Page Two: Other Shoes, Other Feet
Republicans blame it all on the Democrats, while outraged activists flirt with censorship
Republican politicians and pundits routinely attack the Democrats by pointing out that if they come to power, they'll raise taxes and wreck the economy.
Bush passed massive tax cuts for the very wealthiest Americans at the beginning of his administration, but in many cases, those cuts have gradually increased over the years – which means not only are they the cuts as originally passed, but they are now deeper than they used to be. Yet the economy is not thriving as promised.
Claiming that increasing taxes will harm the economy seems disingenuous, as the economy is in terrible shape despite the passage of the cuts. The decrease in tax revenue, the insane spending of the Congress, and the Iraq war have resulted in massive deficits. The Democrats are not being reasonably indicted but instead damned by sleight-of-hand demagogy.
If the Republicans had spent the first six years of the Bush administration acting like Republicans, it would be one thing, but instead their spending was so outrageous and excessive it made drunken sailors look restrained and responsible.
Now, the perception of "taxes" might make the bogeyman seem like a family pet, but at some point or another, all that borrowed money is going to have to be paid back. This is not because of the Democrats.
The Republicans have also spent a long time railing against regulation. By gutting different parts of the government, they were going to prove their point. And they have.
Right now, this country is in an economic crisis because of our outsized debt and the enormous failures resulting from the underregulated subprime mortgage market. The dollar is falling for any number of reasons, but these have to be two of the more important ones.
If McCain is elected, who do you think his economic advisers will be? And one has to wonder why the plan to save Social Security by allowing private investment in the stock market instead is no longer being discussed.
Currently, many of the Republican members of Congress are taking to the floor (even though Congress is not in session and the lights are off) to denounce the Democrats for not yet passing an energy bill. During the six years they controlled the two branches of government responsible for legislation, the Republicans did not pass an energy package that would in any way address the problems this country is now facing.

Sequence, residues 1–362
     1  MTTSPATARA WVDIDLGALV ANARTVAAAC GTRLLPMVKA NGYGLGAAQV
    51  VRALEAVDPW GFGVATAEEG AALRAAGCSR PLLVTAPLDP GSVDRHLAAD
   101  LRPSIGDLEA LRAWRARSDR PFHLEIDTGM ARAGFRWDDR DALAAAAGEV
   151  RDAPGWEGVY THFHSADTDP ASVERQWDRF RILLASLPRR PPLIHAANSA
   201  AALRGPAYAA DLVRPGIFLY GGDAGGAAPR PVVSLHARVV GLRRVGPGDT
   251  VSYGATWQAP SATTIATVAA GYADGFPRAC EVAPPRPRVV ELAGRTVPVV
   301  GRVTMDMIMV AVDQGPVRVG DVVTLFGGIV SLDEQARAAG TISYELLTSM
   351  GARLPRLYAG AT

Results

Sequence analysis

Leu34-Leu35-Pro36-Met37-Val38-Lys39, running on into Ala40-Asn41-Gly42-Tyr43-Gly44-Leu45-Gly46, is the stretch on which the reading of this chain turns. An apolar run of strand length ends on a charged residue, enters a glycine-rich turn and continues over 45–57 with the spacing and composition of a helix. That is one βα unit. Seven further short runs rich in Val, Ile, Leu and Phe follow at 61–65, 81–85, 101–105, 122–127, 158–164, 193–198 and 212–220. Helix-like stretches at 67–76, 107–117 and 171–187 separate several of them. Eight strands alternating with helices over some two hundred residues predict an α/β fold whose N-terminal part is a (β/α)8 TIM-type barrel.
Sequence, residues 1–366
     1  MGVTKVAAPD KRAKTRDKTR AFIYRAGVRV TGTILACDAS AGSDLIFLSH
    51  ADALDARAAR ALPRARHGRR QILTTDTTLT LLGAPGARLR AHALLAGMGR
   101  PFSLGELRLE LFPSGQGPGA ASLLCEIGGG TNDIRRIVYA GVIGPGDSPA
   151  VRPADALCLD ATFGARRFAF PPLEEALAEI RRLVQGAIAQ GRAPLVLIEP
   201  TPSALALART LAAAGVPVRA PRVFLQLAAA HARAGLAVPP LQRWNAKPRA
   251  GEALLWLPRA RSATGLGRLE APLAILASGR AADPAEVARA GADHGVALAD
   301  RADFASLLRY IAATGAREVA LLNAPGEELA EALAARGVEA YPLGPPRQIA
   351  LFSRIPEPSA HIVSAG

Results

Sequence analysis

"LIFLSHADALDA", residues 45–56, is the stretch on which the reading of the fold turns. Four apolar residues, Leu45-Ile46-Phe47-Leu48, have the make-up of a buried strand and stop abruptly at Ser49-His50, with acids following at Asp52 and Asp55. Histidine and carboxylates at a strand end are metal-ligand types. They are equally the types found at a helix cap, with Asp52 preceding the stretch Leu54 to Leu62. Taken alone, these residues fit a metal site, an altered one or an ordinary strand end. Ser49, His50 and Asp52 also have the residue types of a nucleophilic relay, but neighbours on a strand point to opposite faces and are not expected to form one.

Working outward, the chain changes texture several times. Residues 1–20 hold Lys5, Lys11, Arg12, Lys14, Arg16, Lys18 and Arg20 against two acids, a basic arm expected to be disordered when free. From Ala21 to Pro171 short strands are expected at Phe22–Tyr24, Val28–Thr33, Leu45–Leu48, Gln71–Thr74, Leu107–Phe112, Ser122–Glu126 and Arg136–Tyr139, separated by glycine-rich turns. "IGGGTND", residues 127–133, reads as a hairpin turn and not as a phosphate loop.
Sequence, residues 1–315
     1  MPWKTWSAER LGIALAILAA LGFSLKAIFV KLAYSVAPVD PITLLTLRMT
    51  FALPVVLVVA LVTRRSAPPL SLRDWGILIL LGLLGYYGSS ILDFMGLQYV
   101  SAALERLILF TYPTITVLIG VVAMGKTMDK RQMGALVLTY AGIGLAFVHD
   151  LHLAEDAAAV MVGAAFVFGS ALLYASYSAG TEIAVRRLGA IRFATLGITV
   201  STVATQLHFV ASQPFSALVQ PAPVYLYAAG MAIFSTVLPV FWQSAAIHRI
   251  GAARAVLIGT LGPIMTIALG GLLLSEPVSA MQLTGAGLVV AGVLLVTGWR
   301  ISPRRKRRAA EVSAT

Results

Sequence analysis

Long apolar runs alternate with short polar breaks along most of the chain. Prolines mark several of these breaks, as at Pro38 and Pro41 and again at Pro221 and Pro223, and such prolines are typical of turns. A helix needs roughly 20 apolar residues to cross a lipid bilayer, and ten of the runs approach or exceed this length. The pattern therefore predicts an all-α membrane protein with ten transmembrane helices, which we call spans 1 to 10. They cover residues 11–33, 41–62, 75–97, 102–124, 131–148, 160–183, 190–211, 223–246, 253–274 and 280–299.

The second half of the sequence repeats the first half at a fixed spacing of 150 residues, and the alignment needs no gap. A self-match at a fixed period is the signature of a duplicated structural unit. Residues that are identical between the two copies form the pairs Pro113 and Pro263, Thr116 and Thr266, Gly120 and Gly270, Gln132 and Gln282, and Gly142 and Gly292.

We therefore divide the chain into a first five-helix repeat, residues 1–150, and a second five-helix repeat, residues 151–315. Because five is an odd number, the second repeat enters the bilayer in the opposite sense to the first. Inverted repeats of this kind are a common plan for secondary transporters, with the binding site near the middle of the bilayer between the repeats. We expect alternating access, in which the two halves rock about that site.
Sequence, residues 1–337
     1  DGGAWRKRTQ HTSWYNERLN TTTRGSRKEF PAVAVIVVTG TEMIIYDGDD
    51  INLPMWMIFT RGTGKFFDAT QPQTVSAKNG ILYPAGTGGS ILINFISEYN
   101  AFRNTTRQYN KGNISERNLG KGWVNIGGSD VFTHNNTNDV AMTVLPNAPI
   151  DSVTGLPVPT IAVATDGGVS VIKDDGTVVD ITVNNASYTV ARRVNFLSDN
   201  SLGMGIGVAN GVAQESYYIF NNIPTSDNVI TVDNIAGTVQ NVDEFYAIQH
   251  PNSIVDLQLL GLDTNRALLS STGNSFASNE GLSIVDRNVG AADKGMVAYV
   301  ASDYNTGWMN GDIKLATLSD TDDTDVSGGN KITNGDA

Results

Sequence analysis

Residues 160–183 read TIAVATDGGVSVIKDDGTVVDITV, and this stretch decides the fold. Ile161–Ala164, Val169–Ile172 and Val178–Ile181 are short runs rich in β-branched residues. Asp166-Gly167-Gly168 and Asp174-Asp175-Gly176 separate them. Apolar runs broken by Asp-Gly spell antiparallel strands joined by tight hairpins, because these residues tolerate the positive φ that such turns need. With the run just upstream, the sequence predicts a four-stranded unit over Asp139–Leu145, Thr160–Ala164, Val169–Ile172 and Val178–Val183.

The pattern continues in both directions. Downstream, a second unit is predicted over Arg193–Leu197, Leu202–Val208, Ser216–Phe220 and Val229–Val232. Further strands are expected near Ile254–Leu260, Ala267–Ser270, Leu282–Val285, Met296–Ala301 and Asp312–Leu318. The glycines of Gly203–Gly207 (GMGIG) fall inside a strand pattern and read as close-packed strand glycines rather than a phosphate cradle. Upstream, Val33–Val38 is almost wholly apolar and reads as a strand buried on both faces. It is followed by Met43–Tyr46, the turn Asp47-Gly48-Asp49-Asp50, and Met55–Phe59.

Quite dishonestly, the Republicans are championing any and all drilling in this country to help solve the current crisis. I've yet to find any source, regardless of its politics, that claims this new drilling would result in increasing oil and gas supplies in fewer than five years; most estimate it would take from seven to, for some of the fields, as many as 15.
There has been an interesting but, as usual, overly vitriolic discussion on this topic in the Chronicle forums. One person's post pointed out that just legislating to allow the drilling would immediately result in a lower price for oil. Given that some experts expect that price to tumble soon, while others think it will continue to rise, this is anybody's guess. Still, I hadn't really thought about the PR effect on the price, which is likely.
If our beloved Republican legislators did not state that this drilling would salve wounds sooner than is at all possible, claim that it would dramatically affect supply and price at the pumps, or declare this an important step toward energy independence, it might be easier to take them seriously. Again, I've yet to find an authority that states that this drilling will significantly affect supply and cost or that it will lead us to energy independence. The Republicans are falling over themselves to try to sell a bill of goods to the American voter. One can hardly blame them; it's worked so many times before for them.
There is a very small group that would immediately profit from expanded national drilling: gas and oil industry executives. The rest of us would have to wait to see if most of us would reap any significant benefits.
Karl Rove brags that the Bush administration has spent more money on researching alternative sources of energy than any previous administration. This may well be true, but too much of that money has gone toward ethanol, while a whole other range of options, from solar energy to energy conservation, either saw tremendous cuts in funding or were simply ignored.